"When you sign up for something, you're forced to train for it" (pg. 30), just how you train for it is up to you. Anyone can physically train for weeks or months for a race, whether it's a 5K, a half marathon, or an obstacle race like the Spartan, but it takes a highly motivated, and determined person to train the mind.
Whenever I tell someone I'm training for the Spartan Race, they look at me like I'm crazy. I mean, I'm not denying that, but doing a Spartan race had become so much more to me than just running 3 miles, and making it through 20+ obstacles, including trekking through the mud, crawling under barbed wire, and jumping over fire. It's about pushing your body, and mind, past the limits you, and the world, set on it. It's doing something you didn't think you could ever do, and coming out on the other side of an obstacle knowing that you're capable of so much more. "It shows you possibilities you didn't know existed," Joe De Sena writes in the prologue of his book, Spartan Up!
When I signed up for the race, I knew what I was getting myself into, but when I started reading the book, it opened up my mind to a heck of a lot more than just how to make it through a Spartan Race. Instead, it has been guiding me and allowing me to see this obstacle filled race as life. "These obstacles help condition them for 'the mud' of everyday life, the stuff that drags us down, or at least tries to" (pg 6). Mud, or any of the problems, issues, and tough experiences we go through on a daily basis, can easily hold us back - whether it's because of fear, anxiety, worry, depression, anger, sadness, but we don't have to let it! We can keep trudging through that mud, knowing it's going to happen time and time again, and we can continue to stay positive that there will come a year, a month, a day, an hour, a second, where things aren't so hard. As long as we persevere and never give up, we can make it through anything we set our mind to, but like I said in the beginning, training our mind is sometimes tougher than our body.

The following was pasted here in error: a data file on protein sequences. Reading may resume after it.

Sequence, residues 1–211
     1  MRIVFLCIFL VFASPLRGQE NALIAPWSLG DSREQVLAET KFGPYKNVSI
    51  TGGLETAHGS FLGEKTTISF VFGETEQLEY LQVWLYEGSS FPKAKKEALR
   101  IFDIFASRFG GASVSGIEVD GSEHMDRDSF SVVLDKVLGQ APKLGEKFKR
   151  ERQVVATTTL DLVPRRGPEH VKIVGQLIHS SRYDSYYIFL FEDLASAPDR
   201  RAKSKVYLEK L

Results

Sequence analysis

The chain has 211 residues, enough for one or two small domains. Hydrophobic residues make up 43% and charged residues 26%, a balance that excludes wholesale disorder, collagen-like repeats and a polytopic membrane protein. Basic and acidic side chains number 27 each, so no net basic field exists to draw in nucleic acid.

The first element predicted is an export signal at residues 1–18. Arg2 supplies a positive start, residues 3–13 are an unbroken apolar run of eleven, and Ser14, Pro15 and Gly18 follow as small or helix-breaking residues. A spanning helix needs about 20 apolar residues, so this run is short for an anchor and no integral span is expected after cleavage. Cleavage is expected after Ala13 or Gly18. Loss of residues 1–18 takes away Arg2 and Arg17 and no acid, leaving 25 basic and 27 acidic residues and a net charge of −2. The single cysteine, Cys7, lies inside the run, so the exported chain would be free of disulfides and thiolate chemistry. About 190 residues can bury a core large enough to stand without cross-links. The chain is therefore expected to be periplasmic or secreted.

You have to challenge your mind to overcome "your short-term desire for comfort in an effort to reach for something greater than your current self" (pg. 6). Whenever I'm teaching my kickboxing classes, I always, ALWAYS, tell my crew that they're capable of more than they think they are, but they have to push out of their comfort zone. I never want them to walk out of the gym thinking, damn I probably could've banged out another 5 reps. It's an uncomfortable feeling when you're not in control, when you're not sure what's coming next, when you are pushing your mind and body to the brink, but how will we ever know what we can do unless we try.
I don't want anyone, in the gym or outside those walls, going about life being comfortable and content. "Every obstacle presents an opportunity to improve our condition" (pg. 43). I signed up for this race to prove to myself that I can do it. I'm not running it for anyone else, but me. What's the point of living if you aren't living life to the fullest? You only get one shot, jump over that fire before you race to the finish line.
"Whatever situations may come up during the rest of my day, they won't be stressful in comparison. If I was able to push through that last set of burpees when I my muscles were shaking, that last quarter mile when my lungs were on fire, then I can easily handle whatever obstacles come up during my day" (pg. 20).